“Resilient,” my sister Mary Jane (always Janie to me) said when she called with the news, expected but still unwanted, on Tuesday morning, five days before Christmas; “that’s how he held out so long.” “Yeah, he’s, was,” I said, “always that.” Resilient.
Here’s what my father gave me: His name, half of my DNA (let me add that he pulled the car over, short of the hospital, and aided in my birth), and, though I never wanted it, and told him so, his work ethic; that belief that something must always be accomplished. Something.
I inherited, hopefully, some of my father’s strength, his stubborn commitment to move forward, to carry on, which he did; despite injuries and setbacks, tragedies and disasters, two wars and the grind of getting up each day, going from his full time job to his ‘two nights a week and Sundays’ job, or to one or another of his part time gigs, working to support his family. Seven of us.
Resilience? Yeah; and, as I already stated, a certain stubbornness.
If there is honor in hard work, my father was honorable. I have, even recently, bragged that, at ninety-two years old, he was still working on repairing other people’s clocks, and he did up until even more recently. There are several clocks he didn’t quite get to (the owners were notified); and that, I know, bothered him. Not being strong, fully able, and being, eventually, dependent on others; that probably bothered him the most. Angered him, even.
Fortunately, my brother Ed, and my sisters, and, in particular, Janie, a registered nurse, were able to stay with our father as his health deteriorated. Very grateful for that. The rest of his children, and our half-sister from our father’s first, brief marriage, were able to visit and hang out with my father over the last month. And my dad had a support group of friends he made over his years in Southwest Washington. And, since I’m giving ‘shout outs,’ the doctors and staff at Columbia Memorial Hospital in Astoria did a tremendous job helping my Dad and dealing with his extended family and friends. Sorry we made so much noise during that Seahawks game.
STORIES AND LIES:
I have to add (adding, again) that my father was quick to laugh, and ever ready to tell even a self-deprecating story. Here’s one of his: This guy says, ‘Hey, Dence, what’d’ya know?’ And I say, ‘Not much,” and, as I’m walking away, I hear him say, ‘That’s for sure.’. And my Dad would chuckle, check for reactions. He was also capable of giving a look that would back Clint Eastwood down. A child didn’t want to see that look directed at him or her, a look more of disappointment than anger. One especially wouldn’t want to see that look twice for the same offense. Anger, I’ve since learned, is most often at or with oneself.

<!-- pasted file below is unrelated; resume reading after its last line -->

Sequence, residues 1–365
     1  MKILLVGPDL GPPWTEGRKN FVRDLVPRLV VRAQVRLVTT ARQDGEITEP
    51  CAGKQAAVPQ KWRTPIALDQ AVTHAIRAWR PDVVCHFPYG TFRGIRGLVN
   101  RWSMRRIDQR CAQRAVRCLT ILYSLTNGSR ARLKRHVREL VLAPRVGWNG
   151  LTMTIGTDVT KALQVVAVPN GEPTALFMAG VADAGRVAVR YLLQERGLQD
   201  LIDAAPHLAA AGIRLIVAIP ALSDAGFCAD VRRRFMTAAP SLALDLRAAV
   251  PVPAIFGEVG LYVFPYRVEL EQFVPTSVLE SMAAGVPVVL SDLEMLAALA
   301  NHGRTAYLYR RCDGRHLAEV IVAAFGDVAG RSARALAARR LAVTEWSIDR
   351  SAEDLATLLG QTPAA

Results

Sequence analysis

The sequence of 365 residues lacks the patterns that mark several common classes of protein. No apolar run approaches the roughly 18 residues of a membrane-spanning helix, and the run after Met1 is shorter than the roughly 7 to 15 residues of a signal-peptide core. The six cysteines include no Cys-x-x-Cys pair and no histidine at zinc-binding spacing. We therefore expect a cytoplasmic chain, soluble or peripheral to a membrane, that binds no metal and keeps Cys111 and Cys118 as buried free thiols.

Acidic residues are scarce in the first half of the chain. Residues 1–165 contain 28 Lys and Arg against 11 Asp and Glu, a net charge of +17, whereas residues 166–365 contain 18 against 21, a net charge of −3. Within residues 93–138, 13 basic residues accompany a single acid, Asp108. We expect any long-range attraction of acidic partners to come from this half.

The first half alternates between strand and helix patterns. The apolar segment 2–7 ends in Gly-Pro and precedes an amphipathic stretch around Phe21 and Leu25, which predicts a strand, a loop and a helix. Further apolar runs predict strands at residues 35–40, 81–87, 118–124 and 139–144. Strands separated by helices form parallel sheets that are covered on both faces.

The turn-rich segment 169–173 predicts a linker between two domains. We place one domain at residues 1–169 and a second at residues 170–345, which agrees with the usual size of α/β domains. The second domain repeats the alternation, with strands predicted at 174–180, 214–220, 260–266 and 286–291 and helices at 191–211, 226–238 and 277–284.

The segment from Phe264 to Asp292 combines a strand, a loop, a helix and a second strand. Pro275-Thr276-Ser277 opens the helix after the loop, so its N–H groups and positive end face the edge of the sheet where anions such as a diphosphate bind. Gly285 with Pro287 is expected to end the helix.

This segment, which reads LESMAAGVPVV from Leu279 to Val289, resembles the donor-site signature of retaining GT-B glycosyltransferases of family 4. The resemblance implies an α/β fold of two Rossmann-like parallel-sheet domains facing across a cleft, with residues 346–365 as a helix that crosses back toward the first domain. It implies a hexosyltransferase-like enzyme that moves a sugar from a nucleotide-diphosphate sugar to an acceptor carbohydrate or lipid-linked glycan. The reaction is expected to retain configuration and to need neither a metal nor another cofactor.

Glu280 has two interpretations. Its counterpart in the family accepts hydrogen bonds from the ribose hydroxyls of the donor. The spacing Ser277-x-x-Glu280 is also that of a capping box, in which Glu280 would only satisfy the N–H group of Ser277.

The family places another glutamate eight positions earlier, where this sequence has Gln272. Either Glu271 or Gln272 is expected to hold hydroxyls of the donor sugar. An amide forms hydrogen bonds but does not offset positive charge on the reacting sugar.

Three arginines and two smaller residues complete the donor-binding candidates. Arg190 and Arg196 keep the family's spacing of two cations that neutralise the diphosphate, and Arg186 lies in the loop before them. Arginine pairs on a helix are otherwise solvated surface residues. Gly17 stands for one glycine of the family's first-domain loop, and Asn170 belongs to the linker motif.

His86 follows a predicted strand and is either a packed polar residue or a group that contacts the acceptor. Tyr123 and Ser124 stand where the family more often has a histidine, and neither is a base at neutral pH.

Lying. This was, both my parents said, “Worse than stealing.” Another story: “So, Dad; remember that time my stupid surfing friends were supposed to stay in our motel room in Leucadia, and they said we’d sleep on the beach, and we went down to the campground, and… when you had to come pick up all five of us at the Sheriff’s office in Carlsbad; and I said we were looking for vending machines…” “Yeah.” “And you said we must have been looking for girls…” “Uh huh.” “And Mom said, ‘no, if they said they were looking for vending machines…’ Well… we were looking for girls.” “Knew it.” “Yeah, I know you did. Thanks for not pushing it.”
Anyone who knows even a few things about my father’s life would have to say he was as lucky as he was tough, resilient. He survived war and illness (malaria, twice), and accidents, at least one ‘incident’ in which he had a large chain wrapped around his head and shoulders. He never really talked to me about his war experiences, from Guadacanal to Korea. I know much of it was horrific; but his attitude, even stated (in reference to increased focus on PTSD), was that, “You just have to get past it.” I’m not saying one can; he carried scars, wounds. He and I have never spoken of the car accident in which my mother died. I do remember we went into the back yard, his face still heavily bruised. I read everything on his face, and, I have to assume, he read mine as well.
SOMETHING ELSE I feel compelled to add: If I have a regret, and it’s probably more common than not; with my father being ‘at work’ for most of my childhood, it’s that I was so busy ‘working’ over the last years, with him three and a half hours away. I’d call, sporadically, talk to him until he said he had to go. When I did go to visit, he was still busy with his clocks, I had nothing I had to do down there, and usually went surfing while he worked. We’d meet up to go the the Pig N Pancake (where he was well known), or watch an old western or something (not Fox News, which he preferred) on TV. It was great.
I did, I must, must add, get only half my DNA from my father.
Erwin A. Dence, Sr. about the age he was when I was born. I wouldn’t recommend taking off in front of him (either).
HERE’S A BONUS STORY: I read the above piece to Trish, who has known my father since 1968; and she reminded me of another story, from when she and I had been dating about eight months. My Mother was, perhaps, more embarrassed because Trish was there. It was my brother Jon’s birthday, a Saturday, and my Dad brought home a tiny, cheap cake; the cheapness pointed out by my Mom. My dad said something about money. Money? Yeah. Money. Suddenly, a karate chop split the 50s era dinette table, two halves crashing down. Trish and I disagree as to whether the cake was also chopped, but, after my Dad fixed the table, he went back to town, came back with… yeah… the same cake. No one said a word about cheapness or money. Happy birthday, Jon.
I think I have mentioned the stubbornness, sort of not getting too much into the passion and the pride. But now, now I am thinking about it. Gifts.